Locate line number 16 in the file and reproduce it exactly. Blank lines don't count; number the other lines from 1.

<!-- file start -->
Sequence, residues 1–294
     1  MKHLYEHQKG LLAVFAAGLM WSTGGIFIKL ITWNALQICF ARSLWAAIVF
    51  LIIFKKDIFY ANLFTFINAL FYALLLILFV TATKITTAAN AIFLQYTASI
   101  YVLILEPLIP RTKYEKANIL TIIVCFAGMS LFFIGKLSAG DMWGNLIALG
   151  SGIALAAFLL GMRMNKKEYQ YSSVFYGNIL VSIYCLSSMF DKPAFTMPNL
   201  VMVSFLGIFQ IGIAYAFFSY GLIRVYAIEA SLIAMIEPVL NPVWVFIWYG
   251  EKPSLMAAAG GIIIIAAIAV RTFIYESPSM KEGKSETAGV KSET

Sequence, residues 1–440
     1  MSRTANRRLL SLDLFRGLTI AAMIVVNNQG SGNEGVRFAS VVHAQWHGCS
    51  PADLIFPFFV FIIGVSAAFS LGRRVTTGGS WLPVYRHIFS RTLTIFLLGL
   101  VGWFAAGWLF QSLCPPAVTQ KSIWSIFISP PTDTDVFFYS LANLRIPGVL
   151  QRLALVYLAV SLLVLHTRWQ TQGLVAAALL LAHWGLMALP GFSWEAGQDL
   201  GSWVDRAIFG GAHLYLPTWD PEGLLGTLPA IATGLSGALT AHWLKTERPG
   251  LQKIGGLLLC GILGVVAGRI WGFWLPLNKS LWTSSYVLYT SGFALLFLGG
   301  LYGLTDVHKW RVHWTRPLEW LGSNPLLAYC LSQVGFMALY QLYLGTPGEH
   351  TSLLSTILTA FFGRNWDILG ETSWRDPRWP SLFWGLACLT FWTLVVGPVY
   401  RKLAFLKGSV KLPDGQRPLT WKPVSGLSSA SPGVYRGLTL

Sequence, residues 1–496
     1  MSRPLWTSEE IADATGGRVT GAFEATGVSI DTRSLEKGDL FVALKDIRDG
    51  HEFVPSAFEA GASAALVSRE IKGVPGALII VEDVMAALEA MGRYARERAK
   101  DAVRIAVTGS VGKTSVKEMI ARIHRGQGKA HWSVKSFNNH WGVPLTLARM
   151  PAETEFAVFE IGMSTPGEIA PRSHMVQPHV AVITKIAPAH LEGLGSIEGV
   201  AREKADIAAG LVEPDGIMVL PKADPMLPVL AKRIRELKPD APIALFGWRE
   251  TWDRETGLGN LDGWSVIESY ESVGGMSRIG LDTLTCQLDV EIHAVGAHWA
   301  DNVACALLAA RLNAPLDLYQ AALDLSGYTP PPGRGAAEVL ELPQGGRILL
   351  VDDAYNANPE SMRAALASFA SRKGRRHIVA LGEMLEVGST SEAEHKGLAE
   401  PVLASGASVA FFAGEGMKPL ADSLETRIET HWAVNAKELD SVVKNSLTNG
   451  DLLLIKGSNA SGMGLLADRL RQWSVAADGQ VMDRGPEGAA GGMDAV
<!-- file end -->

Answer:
   351  TSLLSTILTA FFGRNWDILG ETSWRDPRWP SLFWGLACLT FWTLVVGPVY